A. Appreciate the Importance or Maintaining Confidentiality

Elders share the obligation to shepherd the flock. However, they must be careful not to divulge information about personal matters to unauthorized persons. There is "a time to keep quiet," when "your words should prove to be few". (Ecclesiastes 3:7; 5-2) Proverbs 10:19 warns: "In the abundance of words there does not fail to be transgression. but the one keeping his lips in check is acting discreetly." Problems are created when elders unwisely reveal matters that should be kept confidential. Elders must give special heed to the counsel: "Do not reveal the confidential talk of another." (Proverbs 25:9) Often the peace, unity, and spiritual well being of the congregation are at stake. Improper use of the tongue by an elder can result in serious legal problems for the individual, the congregation, and even the Society.

The need for elders to maintain strict confidentiality has been repeatedly stressed. Please see The Watchtower April 1, 1971, pages 222-4; September 1, 1987, pages 12-15; and June 1, 1997, page 11. Our Kingdom Service, September 1977, page 6, paragraph 36 and the ks91, textbook, page 105, also provide helpful direction and counsel. That material strongly emphasized the eiders' responsibility to avoid revealing confidential information to those not entitled to it.

Elders must exercise extraordinary caution when it comes to handling confidential information about the private lives of others. Do not mistakenly minimize the gravity of a breach or confidentiality. Unauthorized disclosure of confidential information can result in costly lawsuits. Substantial monetary damages could be assessed against the elders or congregation. Even if a lawsuit turns out favorably, valuable time and energy that could have been devoted to Kingdom interests will be lost. These possibilities underscore the need for elders to be discerning and to follow carefully directions provided by the Society.


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B. Be Extremely Careful with Written Material

Nothing should be put in writing regarding any legal matter without specific advice or direction from the Society.

C. Guard the Use of Your Tongue

Think before you speak. Do not discuss private and judicial matters with members of your family, including your wife, or disclose private information inadvertently when others are present, such as when speaking on the telephone with others listening in or nearby. At times, complicated problems may necessitate consultation with an experienced, mature elder in another congregation or with the circuit overseer. Unless the circuit overseer is the elder consulted, only the pertinent details should be discussed and the names should not be used.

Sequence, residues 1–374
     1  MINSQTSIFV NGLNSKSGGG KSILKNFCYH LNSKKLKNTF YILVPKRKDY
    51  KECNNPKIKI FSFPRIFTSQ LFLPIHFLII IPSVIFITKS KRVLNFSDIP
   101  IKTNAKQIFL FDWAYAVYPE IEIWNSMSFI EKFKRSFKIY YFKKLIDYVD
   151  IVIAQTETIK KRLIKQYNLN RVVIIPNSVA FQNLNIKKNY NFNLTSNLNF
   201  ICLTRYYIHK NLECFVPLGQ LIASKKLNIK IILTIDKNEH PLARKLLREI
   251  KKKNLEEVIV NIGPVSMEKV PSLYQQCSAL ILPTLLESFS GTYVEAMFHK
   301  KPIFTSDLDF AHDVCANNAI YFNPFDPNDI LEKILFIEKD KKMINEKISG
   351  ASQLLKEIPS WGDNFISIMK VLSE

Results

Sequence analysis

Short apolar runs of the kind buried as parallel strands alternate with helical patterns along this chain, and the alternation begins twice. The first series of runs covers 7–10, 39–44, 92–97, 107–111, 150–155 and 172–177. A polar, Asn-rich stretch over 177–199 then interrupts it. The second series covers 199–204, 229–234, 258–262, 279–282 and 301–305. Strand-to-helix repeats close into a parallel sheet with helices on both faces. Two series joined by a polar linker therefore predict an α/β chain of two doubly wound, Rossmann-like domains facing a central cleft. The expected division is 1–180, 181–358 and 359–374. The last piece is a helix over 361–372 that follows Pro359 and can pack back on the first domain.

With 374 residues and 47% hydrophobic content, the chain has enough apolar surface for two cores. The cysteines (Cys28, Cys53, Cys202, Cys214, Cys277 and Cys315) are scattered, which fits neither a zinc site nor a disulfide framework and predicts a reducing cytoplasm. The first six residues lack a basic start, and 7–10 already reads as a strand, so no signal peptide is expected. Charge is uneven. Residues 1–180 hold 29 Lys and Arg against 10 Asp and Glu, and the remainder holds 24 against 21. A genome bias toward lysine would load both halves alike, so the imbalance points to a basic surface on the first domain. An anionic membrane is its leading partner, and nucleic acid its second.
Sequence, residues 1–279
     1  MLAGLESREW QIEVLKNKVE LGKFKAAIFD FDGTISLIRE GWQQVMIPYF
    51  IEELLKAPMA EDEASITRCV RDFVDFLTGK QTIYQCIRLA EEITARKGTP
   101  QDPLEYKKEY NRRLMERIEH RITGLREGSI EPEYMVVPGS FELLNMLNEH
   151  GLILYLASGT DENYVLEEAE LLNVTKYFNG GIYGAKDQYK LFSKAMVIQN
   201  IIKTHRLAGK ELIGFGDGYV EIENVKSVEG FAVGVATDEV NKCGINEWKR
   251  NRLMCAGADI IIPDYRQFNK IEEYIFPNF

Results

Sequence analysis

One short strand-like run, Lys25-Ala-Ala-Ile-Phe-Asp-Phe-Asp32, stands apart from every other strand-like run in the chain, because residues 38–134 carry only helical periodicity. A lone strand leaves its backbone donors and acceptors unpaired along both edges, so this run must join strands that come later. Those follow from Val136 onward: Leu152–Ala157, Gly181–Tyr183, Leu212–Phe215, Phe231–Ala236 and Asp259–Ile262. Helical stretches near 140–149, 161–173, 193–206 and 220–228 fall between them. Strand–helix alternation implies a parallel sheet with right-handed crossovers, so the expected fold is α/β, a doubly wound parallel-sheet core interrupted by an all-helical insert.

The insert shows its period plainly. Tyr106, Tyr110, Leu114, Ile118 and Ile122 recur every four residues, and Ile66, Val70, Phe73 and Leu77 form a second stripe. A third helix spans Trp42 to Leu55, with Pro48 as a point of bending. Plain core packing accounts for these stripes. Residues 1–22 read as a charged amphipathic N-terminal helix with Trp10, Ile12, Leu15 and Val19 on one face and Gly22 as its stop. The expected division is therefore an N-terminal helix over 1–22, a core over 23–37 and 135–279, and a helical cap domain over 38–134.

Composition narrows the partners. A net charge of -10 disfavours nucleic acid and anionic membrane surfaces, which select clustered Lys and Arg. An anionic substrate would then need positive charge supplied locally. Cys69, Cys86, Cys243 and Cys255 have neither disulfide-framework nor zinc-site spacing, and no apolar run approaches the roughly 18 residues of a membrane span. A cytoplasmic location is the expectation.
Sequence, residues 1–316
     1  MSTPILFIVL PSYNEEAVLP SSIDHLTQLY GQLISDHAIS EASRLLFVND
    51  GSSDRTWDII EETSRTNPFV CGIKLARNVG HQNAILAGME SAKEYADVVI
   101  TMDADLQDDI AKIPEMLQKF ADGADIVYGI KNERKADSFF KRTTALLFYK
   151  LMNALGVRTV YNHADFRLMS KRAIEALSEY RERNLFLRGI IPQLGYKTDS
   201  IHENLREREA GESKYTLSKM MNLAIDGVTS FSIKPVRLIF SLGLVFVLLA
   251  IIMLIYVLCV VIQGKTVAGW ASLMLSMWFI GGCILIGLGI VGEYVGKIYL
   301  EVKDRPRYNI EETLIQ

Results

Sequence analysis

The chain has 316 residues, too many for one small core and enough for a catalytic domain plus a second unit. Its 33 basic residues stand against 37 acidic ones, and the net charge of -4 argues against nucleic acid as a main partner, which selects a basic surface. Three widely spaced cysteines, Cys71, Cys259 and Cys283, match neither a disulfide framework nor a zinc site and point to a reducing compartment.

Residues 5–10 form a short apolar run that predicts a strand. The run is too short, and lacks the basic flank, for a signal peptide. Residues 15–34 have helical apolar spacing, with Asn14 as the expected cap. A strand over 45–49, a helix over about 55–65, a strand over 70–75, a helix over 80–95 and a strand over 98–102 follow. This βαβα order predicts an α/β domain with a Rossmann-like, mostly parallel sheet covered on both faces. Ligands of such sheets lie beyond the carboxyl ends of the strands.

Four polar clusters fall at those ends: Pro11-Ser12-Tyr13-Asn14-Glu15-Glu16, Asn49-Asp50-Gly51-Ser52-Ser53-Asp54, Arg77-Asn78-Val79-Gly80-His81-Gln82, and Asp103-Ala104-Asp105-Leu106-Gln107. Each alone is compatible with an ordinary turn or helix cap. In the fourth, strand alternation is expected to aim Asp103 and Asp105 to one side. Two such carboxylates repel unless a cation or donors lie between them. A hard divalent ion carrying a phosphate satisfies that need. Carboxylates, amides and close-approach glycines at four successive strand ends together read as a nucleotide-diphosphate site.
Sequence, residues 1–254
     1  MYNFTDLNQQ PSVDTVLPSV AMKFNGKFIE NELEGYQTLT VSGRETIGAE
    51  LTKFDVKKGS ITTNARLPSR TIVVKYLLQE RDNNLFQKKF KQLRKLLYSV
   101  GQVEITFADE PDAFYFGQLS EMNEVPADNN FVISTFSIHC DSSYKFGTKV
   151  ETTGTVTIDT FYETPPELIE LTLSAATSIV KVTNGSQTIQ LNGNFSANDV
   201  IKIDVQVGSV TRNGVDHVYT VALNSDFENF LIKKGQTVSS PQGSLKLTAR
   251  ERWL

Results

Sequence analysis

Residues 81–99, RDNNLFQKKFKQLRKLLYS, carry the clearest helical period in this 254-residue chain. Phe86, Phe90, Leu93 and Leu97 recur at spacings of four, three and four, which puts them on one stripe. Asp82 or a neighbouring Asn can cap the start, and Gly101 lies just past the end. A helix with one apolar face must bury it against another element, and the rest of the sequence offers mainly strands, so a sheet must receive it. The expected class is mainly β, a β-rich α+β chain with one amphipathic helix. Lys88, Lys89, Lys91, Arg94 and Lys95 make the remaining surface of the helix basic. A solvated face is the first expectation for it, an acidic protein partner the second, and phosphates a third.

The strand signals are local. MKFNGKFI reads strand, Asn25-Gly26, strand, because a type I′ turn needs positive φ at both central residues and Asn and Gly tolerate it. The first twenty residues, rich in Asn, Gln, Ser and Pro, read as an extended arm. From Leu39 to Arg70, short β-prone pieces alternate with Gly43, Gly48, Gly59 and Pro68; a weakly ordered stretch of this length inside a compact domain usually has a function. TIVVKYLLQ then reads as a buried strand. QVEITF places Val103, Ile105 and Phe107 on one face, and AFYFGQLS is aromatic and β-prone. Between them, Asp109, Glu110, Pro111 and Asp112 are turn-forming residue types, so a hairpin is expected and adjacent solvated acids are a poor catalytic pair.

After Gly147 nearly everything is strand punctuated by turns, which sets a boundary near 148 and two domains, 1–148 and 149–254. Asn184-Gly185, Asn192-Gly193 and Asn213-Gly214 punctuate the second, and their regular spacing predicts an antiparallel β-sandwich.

While we as Christians are ready to forgive others who may wrong us, those in the world are not so inclined. Many persons are quick to resort to lawsuits if they feel their ‘rights’ have been violated. Some who oppose the Kingdom preaching work readily take advantage of any legal provisions to interfere with it or to impede its progress. Thus, elders must especially guard the use of the tongue. Jesus faced opposers who tried to "catch him in speech, so as to turn him over to the government." (Luke 20:20) He instructed us to be "cautious as serpents and yet as innocent as doves" in such situations. (Matthew 10:16) Where such a threat exists, our position as elders should be in line with Davis’s words: "I will set a muzzle as a guard to my own mouth, as long as anyone wicked is in from of me."—Psalm 39:1.

In recent years, this matter has come to be a cause for increasing concern. The spirit of the world has sensitized people regarding their ‘rights’ and the legal means by which they can exact punishment if such ‘rights’ are violated. Hence, a growing number of vindictive or disgruntled ones, as well as opposers, have initiated lawsuits to seek monetary damages from individuals, the congregation, or the Society. Many of these lawsuits are the result of the misuse of the tongue. As elders, remember that ill-advised statements or actions on your part can sometimes be interpreted legally as violating other’s ‘rights’.

Elders bear a heavy responsibility in protecting vulnerable members of the congregation, such as children, in ministering to the needs of the flock, and in observing confidentiality as they do so. (1 Corinthians 16:13) We trust that the information in this letter will help you to carry this burden. Please be assured of our love and prayers. May Jehovah continue to bless you as you shepherd his flock.—1 Peter 5:1-3.

Your brothers,

Watch Tower B. & T. Society of Britain

[Official stamp appears here.]